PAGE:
Tag Archives: art in schools

Art Connections

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This week I observed a substitute teacher give an art lesson to third graders.  Besides learning that this is a great way for a substitute teacher to engage a classroom and for students to learn about concentric circles and abstract art, I witnessed how art reaches some of the students whom do not usually seem completely engaged.  It seems cliché, but after witnessing a student who is often withdrawn socially (and does have an IEP to help with this) reveal her creativity and be excited about other people’s appreciation of it, I, who was already a believer in the importance of arts education, saw first-hand how art can boost self-esteem, bring unknown attributes of a person to the forefront, and so much more that researchers have pointed out.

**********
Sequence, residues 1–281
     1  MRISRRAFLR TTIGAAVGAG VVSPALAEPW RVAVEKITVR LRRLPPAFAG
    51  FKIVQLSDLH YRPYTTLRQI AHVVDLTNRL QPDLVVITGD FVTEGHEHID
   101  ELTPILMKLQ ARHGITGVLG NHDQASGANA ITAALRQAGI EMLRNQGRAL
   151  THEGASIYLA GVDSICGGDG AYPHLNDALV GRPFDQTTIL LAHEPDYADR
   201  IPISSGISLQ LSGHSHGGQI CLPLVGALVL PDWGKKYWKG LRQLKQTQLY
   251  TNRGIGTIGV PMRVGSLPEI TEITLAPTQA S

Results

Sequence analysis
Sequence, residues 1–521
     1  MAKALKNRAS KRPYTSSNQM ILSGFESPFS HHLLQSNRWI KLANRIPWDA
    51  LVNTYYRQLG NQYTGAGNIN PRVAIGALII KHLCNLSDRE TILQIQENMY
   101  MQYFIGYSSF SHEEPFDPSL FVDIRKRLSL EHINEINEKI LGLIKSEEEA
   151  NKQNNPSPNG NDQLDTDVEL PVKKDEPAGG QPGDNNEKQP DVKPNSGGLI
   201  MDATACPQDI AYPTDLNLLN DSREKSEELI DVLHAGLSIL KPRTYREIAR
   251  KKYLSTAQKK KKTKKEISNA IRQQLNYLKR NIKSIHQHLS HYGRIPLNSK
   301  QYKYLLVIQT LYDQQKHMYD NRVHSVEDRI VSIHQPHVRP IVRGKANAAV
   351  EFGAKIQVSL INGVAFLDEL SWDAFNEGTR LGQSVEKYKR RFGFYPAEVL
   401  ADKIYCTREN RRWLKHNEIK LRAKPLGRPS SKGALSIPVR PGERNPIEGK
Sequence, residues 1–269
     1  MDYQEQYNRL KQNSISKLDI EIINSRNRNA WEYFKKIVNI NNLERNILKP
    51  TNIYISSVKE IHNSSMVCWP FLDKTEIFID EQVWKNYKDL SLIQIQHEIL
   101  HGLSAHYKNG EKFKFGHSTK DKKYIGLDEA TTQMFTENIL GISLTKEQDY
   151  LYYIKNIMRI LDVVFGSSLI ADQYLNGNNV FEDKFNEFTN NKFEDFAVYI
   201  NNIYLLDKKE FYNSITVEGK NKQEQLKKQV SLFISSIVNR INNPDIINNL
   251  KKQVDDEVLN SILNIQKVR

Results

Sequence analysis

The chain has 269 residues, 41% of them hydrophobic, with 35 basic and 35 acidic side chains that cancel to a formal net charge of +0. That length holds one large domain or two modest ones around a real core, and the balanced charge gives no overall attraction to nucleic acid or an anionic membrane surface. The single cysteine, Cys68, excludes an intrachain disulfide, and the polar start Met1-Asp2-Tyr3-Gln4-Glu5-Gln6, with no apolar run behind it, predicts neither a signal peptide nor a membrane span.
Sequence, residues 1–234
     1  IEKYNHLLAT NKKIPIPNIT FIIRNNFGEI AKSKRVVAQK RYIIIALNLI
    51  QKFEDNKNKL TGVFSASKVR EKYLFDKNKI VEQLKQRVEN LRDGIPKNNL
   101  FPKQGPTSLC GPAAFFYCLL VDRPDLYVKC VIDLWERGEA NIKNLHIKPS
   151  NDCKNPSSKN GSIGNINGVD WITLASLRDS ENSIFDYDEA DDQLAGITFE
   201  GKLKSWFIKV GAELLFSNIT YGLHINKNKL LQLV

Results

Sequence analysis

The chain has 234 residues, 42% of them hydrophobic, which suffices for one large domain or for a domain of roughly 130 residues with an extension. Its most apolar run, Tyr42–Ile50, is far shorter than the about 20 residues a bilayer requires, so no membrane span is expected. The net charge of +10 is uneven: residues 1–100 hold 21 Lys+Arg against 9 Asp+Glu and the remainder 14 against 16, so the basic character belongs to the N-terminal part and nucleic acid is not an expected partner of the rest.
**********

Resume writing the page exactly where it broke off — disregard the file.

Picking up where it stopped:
The art displayed above is an in-progress example of the aforementioned student’s work. Normally, when I say hi to this student, I just get a pleasant glance through her hair which is usually covering her face, because her head is down. She does not welcome help with her work and usually sits alone at lunch. When the students made their tree and branches using a loose tracing around an arm and hand, she had the brilliant idea to make the ends of the branches jagged when she cut them. None of the other students thought to do this. I genuinely praised her choice, because it looked really cool, and the student sitting next to her then noticed it and copied her. I could tell she was really proud, and it opened up a communication between her and the girl who copied her idea. I asked if I could take some pictures of her work, which she let me do, and then I was completely surprised when she approached me at the end of the work period and asked if I would like a photo of her completed art. It felt so good to finally have a connection with this student and a glimpse into her mind. Maybe she will welcome help, or at least conversation, from me in the future. Maybe she will be more receptive to guidance from or sharing with others as a result of this positive experience. Most importantly, she seemed proud enough of her work to be willing to share a part of herself.